Garmin includes no lanyard, mount, or carrying case with the standard eTrex 20x model. You can buy a carrying case separately through Garmin as well as a screen protector if needed. Lanyards and mounts can be found for just a few bucks if you don’t already have an extra lying around.

All that’s included in the box is a USB cable (to connect the device to your computer) and an owner’s manual, which is lacking in detail. Luckily the eTrex 20x is popular and frequently discussed online. You can easily troubleshoot on forums or with Garmin’s support team should any issues arise. It’s also why we wrote this guide!

Finally, Garmin’s insistence on selling maps and subscriptions is a bit irritating. For a company that makes such great hardware, their reliance on map sales seems unnecessary. If you don’t want to bother with the added cost, you can easily find free maps online. GPS File Depot is a great place to start.

The eTrex 20x vs Other Options

Whether you’re using your eTrex 20x as a back-up or as your main device, it’s important to know how it compares to other retail options. Let’s compare Garmin’s affordable device to its main alternatives.

eTrex 20x vs a Smartphone

The biggest benefit of the eTrex 20x is its durability. Our modern smartphones are sleek, thin, and prone to shattering when dropped. Even a popular case like the Otterbox can’t offer much protection if your phone falls at the wrong angle. That’s not to mention the poor relationship most smartphones have with water.

You’ll feel much more comfortable holding your eTrex 20x in your sweaty or gloved hand than you would with a smartphone out on the trail. The battery life of the eTrex 20x also puts an iPhone to shame. GPS drains battery no matter what model phone you’re using, and a dead battery on the trail is no use to anyone. Using your phone as a dedicated GPS can disable its other uses, and if you run out of battery you’ll have no way to call or text.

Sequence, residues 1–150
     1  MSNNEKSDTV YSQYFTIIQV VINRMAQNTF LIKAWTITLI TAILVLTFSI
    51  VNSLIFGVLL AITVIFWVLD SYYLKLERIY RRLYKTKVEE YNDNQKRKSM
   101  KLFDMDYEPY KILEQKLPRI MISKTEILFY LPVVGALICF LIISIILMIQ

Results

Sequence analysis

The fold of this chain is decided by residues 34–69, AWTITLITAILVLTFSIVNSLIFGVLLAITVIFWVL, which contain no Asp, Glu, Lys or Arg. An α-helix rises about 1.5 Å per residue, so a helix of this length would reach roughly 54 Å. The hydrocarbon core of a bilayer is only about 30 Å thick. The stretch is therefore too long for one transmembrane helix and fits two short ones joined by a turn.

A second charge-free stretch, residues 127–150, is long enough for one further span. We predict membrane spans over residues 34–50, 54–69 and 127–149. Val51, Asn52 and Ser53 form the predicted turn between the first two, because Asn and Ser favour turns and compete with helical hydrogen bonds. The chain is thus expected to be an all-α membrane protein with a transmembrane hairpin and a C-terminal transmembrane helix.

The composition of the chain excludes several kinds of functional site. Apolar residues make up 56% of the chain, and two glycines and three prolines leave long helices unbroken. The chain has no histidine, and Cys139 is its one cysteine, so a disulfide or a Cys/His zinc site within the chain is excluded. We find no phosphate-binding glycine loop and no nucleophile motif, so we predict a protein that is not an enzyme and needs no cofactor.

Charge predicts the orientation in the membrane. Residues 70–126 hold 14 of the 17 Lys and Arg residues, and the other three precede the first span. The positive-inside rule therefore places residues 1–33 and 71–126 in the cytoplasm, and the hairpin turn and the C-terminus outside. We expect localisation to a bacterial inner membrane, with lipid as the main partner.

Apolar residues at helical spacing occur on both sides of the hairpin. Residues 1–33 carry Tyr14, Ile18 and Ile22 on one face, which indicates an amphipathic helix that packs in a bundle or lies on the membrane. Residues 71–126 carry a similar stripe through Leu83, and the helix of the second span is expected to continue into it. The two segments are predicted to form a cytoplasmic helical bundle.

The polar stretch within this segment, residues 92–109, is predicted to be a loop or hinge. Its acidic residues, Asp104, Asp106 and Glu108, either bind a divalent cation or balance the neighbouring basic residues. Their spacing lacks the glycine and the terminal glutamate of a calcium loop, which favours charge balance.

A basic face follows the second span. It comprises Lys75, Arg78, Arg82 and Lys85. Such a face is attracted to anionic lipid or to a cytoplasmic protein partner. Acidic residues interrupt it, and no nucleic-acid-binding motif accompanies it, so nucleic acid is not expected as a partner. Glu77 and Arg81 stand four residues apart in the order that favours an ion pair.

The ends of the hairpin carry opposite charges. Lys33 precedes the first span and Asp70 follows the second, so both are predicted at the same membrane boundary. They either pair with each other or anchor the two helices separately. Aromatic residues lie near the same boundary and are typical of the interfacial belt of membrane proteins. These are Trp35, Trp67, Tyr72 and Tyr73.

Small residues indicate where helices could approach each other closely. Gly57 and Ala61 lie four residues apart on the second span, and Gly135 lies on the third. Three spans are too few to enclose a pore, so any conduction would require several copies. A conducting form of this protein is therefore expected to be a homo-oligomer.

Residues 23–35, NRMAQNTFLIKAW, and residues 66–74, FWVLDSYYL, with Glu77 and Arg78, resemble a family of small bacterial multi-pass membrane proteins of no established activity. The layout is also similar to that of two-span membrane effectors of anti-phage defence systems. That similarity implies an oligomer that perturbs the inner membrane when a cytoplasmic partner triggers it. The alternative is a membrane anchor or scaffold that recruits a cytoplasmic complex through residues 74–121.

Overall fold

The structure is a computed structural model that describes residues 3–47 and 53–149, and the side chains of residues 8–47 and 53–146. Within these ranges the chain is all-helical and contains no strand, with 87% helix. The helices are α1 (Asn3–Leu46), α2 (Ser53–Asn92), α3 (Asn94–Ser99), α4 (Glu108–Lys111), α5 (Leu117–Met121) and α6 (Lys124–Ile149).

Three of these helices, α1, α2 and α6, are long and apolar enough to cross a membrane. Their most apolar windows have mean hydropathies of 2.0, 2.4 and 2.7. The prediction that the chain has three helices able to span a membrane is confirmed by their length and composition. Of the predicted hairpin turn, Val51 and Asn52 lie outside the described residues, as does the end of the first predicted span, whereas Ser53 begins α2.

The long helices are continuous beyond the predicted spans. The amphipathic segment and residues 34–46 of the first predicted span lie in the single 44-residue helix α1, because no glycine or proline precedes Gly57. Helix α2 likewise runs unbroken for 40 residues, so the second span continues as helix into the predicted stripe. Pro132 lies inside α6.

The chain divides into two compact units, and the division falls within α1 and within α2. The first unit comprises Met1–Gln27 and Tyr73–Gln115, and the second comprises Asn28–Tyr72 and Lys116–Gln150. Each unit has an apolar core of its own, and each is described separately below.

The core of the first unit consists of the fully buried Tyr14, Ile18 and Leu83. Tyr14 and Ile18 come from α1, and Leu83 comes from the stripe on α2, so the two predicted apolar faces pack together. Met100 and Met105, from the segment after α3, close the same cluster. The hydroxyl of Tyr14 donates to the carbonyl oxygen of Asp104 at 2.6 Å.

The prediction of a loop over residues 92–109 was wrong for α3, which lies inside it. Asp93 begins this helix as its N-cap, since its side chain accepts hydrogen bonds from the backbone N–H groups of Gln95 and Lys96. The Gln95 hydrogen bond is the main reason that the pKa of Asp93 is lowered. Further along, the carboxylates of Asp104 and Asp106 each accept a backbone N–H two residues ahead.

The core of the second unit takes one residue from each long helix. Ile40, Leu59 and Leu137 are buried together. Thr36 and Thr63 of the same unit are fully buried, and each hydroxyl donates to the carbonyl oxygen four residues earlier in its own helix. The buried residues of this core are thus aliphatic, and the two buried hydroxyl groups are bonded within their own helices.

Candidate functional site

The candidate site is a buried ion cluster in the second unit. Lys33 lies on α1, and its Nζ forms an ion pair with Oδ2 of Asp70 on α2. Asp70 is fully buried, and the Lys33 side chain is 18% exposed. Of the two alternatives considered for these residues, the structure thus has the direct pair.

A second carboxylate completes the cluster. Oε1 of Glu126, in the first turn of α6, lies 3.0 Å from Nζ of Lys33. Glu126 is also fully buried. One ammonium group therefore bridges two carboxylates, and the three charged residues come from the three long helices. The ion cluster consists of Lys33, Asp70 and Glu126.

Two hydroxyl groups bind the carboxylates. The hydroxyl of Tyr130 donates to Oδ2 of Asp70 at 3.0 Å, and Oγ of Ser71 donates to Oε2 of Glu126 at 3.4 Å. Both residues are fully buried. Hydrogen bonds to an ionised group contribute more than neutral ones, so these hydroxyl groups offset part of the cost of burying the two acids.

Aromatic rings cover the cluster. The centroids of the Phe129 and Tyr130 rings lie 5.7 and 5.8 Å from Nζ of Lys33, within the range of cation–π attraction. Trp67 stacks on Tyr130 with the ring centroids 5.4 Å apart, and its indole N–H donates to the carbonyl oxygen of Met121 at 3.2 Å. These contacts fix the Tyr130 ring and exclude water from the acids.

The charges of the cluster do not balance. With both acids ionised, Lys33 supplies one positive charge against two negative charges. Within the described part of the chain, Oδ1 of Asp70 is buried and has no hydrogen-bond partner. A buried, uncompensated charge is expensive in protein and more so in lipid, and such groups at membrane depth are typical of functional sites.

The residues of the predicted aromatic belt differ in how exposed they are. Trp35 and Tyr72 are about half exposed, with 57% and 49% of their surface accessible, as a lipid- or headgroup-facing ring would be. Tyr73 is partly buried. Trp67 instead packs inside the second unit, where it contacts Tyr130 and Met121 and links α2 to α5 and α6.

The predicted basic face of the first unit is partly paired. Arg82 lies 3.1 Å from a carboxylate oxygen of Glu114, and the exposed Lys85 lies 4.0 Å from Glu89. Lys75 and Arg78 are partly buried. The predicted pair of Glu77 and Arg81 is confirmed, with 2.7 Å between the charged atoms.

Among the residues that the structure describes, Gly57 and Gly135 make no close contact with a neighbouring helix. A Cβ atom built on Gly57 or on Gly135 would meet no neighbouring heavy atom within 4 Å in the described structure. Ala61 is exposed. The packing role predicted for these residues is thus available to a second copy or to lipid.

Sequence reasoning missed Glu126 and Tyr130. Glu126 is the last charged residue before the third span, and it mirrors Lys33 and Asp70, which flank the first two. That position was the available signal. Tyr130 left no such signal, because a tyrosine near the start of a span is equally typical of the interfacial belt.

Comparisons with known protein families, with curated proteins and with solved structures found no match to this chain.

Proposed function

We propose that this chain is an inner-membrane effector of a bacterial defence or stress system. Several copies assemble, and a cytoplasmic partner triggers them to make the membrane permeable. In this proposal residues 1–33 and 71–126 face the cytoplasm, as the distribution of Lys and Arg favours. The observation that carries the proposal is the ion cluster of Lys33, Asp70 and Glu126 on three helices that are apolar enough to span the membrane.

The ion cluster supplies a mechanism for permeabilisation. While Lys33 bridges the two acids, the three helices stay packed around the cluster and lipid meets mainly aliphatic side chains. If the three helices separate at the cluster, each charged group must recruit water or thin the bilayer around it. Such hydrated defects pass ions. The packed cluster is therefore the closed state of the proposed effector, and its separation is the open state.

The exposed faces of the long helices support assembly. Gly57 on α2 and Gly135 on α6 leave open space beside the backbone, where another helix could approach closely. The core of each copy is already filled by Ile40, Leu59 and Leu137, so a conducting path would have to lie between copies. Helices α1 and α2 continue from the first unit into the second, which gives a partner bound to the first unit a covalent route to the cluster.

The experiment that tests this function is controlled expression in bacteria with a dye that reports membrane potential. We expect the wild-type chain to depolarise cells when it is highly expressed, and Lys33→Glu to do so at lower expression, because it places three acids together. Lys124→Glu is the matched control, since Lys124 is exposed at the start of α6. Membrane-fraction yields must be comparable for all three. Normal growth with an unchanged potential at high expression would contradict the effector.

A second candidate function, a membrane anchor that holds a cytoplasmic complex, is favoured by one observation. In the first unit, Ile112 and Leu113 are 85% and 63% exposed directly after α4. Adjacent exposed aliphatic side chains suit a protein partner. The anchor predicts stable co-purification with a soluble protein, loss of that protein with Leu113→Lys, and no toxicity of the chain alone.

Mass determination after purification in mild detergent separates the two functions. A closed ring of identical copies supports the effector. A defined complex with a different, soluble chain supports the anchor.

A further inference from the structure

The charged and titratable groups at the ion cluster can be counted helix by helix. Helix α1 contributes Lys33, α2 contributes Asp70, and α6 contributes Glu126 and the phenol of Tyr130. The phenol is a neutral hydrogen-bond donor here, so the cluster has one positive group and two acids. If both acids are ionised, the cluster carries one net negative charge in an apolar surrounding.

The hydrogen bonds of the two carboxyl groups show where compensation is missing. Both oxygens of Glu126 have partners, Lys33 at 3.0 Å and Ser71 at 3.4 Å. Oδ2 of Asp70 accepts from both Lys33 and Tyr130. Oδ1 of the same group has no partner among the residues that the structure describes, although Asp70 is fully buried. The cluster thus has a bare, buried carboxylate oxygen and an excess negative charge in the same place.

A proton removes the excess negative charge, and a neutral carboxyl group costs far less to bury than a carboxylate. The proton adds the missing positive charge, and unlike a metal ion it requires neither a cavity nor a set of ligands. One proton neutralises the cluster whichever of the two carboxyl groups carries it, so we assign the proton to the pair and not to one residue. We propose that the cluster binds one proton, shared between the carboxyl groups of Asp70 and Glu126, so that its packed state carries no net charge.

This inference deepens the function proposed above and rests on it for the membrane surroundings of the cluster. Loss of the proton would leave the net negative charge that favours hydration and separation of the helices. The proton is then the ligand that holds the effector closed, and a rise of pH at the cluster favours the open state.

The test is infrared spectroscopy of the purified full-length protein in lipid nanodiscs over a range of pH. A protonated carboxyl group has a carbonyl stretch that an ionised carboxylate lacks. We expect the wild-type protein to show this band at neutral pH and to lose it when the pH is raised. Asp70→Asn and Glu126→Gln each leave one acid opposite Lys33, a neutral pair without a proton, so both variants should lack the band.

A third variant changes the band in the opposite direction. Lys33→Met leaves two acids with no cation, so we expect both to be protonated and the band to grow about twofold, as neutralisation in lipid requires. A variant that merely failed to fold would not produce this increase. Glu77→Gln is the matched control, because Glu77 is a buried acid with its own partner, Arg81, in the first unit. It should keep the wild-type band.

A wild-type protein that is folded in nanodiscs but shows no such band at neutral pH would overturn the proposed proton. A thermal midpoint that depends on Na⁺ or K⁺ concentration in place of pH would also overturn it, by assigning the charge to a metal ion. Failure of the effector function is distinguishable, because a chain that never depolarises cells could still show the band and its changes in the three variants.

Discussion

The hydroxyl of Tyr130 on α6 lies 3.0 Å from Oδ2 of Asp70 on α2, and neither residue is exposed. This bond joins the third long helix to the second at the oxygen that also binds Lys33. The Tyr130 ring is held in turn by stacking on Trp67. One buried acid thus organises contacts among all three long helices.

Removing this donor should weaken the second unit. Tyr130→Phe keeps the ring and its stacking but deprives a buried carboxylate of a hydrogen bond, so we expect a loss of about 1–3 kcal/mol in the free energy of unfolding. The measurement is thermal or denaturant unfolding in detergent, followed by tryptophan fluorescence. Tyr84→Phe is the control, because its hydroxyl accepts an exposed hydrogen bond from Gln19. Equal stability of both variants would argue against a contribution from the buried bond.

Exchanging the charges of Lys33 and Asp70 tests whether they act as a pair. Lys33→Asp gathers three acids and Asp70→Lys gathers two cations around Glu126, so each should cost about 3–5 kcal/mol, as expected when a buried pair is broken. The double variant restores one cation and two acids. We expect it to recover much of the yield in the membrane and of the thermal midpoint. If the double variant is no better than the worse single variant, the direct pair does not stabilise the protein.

That being said, a smartphone makes a perfect back-up to the eTrex 20x, if you use it sparingly and keep it safe. Longevity problems can be reduced by using a GPS app that works in battery-saving airplane mode. Try using an offline app like Gaia GPS in addition to your main device. You may not need it on your next hike, but you’ll be glad you have it when you do.

The eTrex 20x vs a GPS Watch

Wearables are hit or miss when it comes to functionality, but are gaining popularity in the fitness market. The tiny screens make planning and navigation difficult, and the cost of a watch can be several times higher than an eTrex 20x.

For workout tracking and basic navigation, a GPS watch can’t be beat. Some GPS watches also act as enviable fashion items all on their own. We can’t say the same for the eTrex 20x, but then again, it’s built for function, not fashion.

For everything we’ve covered above in our ‘features’ section, the eTrex 20x wins. If you have a GPS watch, definitely bring it on your next hike for the added peace of mind.

The eTrex 20x vs a Bigger, More Expensive Handheld GPS

The more you pay for a handheld GPS, the more features you receive. You may not need the additional bells and whistles, but they can be worth the added price if you’re looking for a device that does more than navigation alone.

The main feature to pay extra for is a bigger screen. Garmin’s Montana 680t, for example, offers a 4-inch touchscreen display - nearly twice as large as the eTrex 20x. For some users, this is worth paying three times the price.

The Montana 680t and other pricier handhelds also offer touchscreen displays while the eTrex 20x uses buttons. We still prefer the latter since they’re easier to use with gloves on or when the device is a bit wet. That being said, Garmin does make a line of eTrex handhelds with touchscreens, such as the eTrex Touch 25. You’ll pay a bit extra to remove the buttons.